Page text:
This one points the finger on a well-known phenomenon; the love that critics have for the latest fad. It is still a problem today. One of the reasons that I love rock is that it is music that doesn`t follow any trends. Rock is rock – whatever the year and whatever is the latest style of music in fashion among radio DJs. Apart from maybe a short period in the 80s, rock musicians didn`t play rock to conquer the single lists. Rock is a universe of feelings and expressions that a lot of people might like if they got the chance to listen to it. Rock is eternal. I think the one thing that radio programmers totally don`t understand, is that there are several generations and millions of people out there that never get to hear their favourite music on the radio. Instead, they find other outlets, specialised radio channels playing “their” kind of music, concerts and YouTube. Some of us still buy records on vinyl and CD. And we are not only people aged 45+, there are lots of people in the younger generations continuing this great tradition of listening to rock. Eternal music like Bowie`s music – not the latest nursery rhyme appealing to 16-year old girls. Rant over!
Pssst! Wanna know a secret?
By Bob Edmands
Forget about the fact that his six-year-old “Space Oddity” is back in the NME Charts for the third time round, do you wanna know a secret about David Bowie? A real juicy, lip-smacking, all-revealing, red-hot chunk of inside info?
You were intrigued when Bowie revealed he was AC/DC, right?
Wait till you hear this. This`ll knock ya over. Gather round.
The thing is: Bowie`s just had a number one single in the States. With “Fame”. You know that soul riff tucked unobtrusively at the back end of the “Young Americans” album, partly attributed to John Lennon? The same.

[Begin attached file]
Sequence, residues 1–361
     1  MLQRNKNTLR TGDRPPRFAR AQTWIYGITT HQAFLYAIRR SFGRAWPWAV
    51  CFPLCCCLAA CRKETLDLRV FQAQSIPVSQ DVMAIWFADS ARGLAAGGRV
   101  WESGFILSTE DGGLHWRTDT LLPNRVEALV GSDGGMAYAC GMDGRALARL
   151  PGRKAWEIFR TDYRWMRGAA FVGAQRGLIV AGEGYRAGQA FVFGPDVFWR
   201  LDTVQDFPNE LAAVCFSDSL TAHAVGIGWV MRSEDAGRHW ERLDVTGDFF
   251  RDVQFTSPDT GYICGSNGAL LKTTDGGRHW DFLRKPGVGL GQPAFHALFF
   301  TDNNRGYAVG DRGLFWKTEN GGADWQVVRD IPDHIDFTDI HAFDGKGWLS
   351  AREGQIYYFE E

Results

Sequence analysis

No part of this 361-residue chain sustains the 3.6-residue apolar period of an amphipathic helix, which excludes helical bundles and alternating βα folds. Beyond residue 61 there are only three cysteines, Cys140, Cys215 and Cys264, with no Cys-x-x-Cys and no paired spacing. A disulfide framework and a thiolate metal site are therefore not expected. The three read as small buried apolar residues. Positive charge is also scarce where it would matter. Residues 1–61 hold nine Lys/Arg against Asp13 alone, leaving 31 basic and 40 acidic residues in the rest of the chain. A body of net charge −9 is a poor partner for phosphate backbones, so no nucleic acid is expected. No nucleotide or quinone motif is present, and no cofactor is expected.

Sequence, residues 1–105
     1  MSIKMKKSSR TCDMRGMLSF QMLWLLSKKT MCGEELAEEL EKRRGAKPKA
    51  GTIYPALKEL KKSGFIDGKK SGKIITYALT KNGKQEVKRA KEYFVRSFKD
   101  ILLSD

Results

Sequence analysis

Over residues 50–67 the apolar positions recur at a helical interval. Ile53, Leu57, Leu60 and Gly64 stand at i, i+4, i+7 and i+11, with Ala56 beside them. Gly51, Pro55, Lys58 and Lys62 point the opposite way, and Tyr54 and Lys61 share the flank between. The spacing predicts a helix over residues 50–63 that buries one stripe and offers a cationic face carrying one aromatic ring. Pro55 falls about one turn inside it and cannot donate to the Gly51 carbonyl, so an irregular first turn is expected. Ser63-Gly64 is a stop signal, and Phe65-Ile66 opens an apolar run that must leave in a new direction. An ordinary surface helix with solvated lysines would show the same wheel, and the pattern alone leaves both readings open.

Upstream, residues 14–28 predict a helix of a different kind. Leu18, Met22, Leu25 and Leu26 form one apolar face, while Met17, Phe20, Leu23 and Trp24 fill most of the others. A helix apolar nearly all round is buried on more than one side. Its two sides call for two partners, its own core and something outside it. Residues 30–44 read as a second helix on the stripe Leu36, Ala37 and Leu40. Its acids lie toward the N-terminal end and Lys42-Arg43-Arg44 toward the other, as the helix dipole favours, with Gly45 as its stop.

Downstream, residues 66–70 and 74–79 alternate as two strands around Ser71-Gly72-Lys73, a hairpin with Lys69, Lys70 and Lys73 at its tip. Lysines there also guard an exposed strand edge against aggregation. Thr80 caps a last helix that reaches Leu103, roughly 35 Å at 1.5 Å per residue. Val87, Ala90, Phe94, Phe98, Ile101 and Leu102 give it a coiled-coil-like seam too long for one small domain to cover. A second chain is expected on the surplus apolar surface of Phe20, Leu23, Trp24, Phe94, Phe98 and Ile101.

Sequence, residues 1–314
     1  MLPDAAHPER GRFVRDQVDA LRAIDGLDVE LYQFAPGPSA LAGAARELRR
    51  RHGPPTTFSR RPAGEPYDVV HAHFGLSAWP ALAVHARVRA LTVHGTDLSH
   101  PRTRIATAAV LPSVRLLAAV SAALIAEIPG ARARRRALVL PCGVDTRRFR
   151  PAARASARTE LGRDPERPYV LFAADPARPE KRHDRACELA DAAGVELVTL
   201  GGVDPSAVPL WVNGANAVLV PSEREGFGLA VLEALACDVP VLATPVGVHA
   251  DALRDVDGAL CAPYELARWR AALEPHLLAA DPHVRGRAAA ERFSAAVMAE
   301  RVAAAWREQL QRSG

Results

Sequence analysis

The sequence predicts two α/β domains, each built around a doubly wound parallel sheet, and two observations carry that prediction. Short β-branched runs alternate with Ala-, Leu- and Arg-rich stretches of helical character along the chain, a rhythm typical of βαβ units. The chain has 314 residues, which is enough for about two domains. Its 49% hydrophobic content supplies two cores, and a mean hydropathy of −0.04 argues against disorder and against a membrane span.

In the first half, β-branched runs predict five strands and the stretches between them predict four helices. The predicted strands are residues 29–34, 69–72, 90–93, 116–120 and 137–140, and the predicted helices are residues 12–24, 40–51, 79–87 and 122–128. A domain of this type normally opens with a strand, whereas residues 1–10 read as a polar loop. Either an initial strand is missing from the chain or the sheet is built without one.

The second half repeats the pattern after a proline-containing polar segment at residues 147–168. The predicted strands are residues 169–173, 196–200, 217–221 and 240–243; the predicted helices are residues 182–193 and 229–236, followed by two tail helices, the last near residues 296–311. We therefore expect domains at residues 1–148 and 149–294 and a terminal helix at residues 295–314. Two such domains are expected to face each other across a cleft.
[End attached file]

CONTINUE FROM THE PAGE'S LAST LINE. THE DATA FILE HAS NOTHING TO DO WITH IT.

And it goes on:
Okay, so you can read the Cashbox charts for yourself, wise guy.
But if it ain`t a secret, it`s the next best thing.
Bowie knows about it. America knows about it. But if the British rock establishment, the DJs and the rock press, know about it, they`re not exactly shooting their mouths off.
How else do you explain the widespread indifference towards Bowie`s success? The fact that RCA need to reissue a six-year-old single to get positive chart action in the UK?
Not to mention ignorance of the calibre found in the Sunday Times guide to rock currently on offer in their colour supplement.
Quote from same: “Once instrumental in reactivating the ailing careers of demi-gods (sic) Lou Reed and Iggy Stooge, Bowie now finds himself paradoxically in decline”.
If a number one single in the States is decline, then that certainly is paradoxical.
Alright, so you don`t expect a quality Sunday to be a thousand per cent accurate with ephemera like rock music. But what about yer actual rock press?
When Pete Wingfield`s “Eighteen With A Bullet” was indeed 18 with a bullet in the soul chart, this fact was duly recorded. But what about Bowie? No less remarkably, “Fame” was also on the soul chart. At the time of writing, it moved from 20 to 18.
It used to be that you couldn`t open a British rock paper without Bowie looming large.